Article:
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Old 16-10-2017, 07:32   #16
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Re: Breaking Docking Lines

3-strand nylon, rubber shock absorbers and hose used as chafing gear at the chocks works much better. Not forever, but better.
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Old 16-10-2017, 08:09   #17
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Re: Breaking Docking Lines

i donot t ie my boat tight to a dock. i have yet to break a line. i HAVE popped cleats of f the dock in 215 steady and 150+ gusts , named opatricia, but never popped a line. not ever snapped a mooring line, either. but i was taught longer is better , no tugging no jerking movements at rest. makes a difference.,
those around me who tie tight to a floating dock pop lines each time 45 plus kts breeze arises. oopsy.
i use no snubbers nor chafe gear when i am in a marina--not even during patricia. no i donot have any chafe except on the line i used on the piling. that has outer casing cleanly removed on one side.. not an issue. i am still using my patricia lines to tie to dock in mazatlan.
the chafed line was a mooring pennant in san diego, now is my main piling tie line. still in use. i use outer casing as chafe gear hahahahaha
i make sure my boat can move naturally in its slip so i donot break lines for no reason.. yes i have survived pnw storms in san diego, i have endured winter el nino storms in lost angeles...all using same exact tie off techniques and never knock wood sprung or popped or snapped a dockline or mooring line ever. been at this since 1955.
i cannot see breaking a dock line as good for the boat... for each action there is an equal and opposite re-action. make sure that re-action does not harm your equipment.
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Old 16-10-2017, 08:46   #18
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Re: Breaking Docking Lines

Quote:
Originally Posted by Terra Nova View Post
Nylon 3-strand dock lines outlast polyester braid at about 10:1.
Got a link to a test, for that?

That contradicts my experience.

Also, 3 strand is also nasty for docklines -- hard to flake and store, and doesn't stretch evenly like octo does, tends to twist and unlay itself. Especially in bigger sizes (over 20mm). Octo is nicer in every way except only that it is a little harder to splice. I do keep nylon octo lines on board for different special purposes, including for snubbers.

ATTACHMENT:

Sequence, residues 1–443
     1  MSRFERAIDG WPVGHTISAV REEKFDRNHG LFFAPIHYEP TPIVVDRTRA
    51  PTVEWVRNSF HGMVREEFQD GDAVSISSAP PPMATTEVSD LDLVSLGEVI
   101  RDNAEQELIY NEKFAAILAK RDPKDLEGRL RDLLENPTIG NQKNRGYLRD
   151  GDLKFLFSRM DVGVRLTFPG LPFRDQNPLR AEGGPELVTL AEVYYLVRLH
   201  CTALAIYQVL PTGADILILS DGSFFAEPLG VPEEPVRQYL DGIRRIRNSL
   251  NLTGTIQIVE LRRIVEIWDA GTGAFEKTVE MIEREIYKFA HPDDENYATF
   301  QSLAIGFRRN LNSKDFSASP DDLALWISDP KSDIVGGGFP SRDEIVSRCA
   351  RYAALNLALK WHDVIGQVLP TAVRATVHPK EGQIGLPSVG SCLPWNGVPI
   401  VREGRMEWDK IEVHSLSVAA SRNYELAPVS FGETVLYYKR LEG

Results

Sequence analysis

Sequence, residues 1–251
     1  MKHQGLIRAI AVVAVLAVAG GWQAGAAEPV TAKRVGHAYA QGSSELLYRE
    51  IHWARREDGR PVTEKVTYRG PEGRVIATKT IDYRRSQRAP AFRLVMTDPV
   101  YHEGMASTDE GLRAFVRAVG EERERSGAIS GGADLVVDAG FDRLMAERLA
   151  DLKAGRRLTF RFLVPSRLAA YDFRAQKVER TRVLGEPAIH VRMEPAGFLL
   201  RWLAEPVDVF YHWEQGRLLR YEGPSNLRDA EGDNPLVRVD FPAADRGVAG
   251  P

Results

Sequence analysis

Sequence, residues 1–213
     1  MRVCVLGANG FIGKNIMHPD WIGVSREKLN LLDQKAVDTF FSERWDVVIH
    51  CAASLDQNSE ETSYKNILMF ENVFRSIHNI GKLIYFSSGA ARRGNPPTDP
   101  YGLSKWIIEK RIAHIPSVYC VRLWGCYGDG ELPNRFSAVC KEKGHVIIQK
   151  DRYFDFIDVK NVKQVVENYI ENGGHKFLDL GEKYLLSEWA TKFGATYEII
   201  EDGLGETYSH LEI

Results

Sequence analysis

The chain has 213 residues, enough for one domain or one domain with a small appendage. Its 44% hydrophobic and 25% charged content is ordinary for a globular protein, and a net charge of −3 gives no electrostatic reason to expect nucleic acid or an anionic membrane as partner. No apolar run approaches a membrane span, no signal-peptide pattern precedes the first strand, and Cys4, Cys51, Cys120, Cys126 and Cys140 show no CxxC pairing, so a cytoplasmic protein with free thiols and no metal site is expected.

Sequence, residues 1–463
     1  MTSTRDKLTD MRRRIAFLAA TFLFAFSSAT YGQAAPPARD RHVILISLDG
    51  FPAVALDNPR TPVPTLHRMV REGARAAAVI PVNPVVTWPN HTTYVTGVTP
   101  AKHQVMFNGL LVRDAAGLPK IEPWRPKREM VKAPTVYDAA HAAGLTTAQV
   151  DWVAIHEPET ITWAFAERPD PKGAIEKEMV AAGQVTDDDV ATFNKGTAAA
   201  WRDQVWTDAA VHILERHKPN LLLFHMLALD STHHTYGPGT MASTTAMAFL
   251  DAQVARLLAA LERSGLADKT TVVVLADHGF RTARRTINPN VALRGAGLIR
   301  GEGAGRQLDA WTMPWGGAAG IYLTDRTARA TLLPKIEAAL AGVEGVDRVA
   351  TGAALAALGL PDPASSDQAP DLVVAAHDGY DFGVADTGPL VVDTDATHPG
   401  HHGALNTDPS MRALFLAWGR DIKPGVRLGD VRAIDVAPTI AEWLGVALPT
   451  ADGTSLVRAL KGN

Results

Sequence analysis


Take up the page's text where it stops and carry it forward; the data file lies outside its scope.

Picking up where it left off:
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Old 16-10-2017, 08:53   #19
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Re: Breaking Docking Lines

Quote:
Originally Posted by jckb View Post
+1

Rubber snubbers are a triumph of marketing hype over logic.

A spiralled line, wrapped around a rubber shaft, when straightened will increase it's reach by about 15% of the snubber's length - cos 30. For 18inch snubber, that's not more than 3 inches.

Dock lines will usually be at least half your LOA. Otherwise, up/down snatching becomes too violent. Let's say 21ft free play.

Nylon, depending on the lay, stretches up to 10% before deforming or weakening. That's 2ft of the free play. Polyester, about 3% - say 7.5 inches

Nylon = 24 inches of spring. Polyester + snubber = 10 inches of spring.

A triumph of marketing hype over logic.

JimB
But what you're missing here is that the rubber buffer can absorb a huge amount of energy in those 3 inches (or whatever) or travel. You have to use them right -- at straighter angles to the dock, then you have your normal docklines without buffers. Rubber buffers are a unique way to add springiness to a short line, to a line which can't be long enough to get compliance from the rope itself. That's their purpose.

Nylon is certainly springier than poly -- no question. But nylon can be eaten through by chafe in hours -- and chafe can occur against something which you just didn't see before the storm. Of course you can mitigate this with really good chafe gear, but why go to all that trouble when poly is far more resistant?

My boat spends winters in Cowes Yacht Haven -- notoriously bouncy in Nor'easters, and we get hurricane force winds at least once a year. A lot of broken dock lines every year, almost all of them nylon.

I think what Dashew wrote here about nylon anchor rode applies equally to dock lines:

dashew-right-rode-2.pdf
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Old 16-10-2017, 09:46   #20
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Re: Breaking Docking Lines

How do you guys feel about the metal spring snubbers used a lot in the Med for docking lines?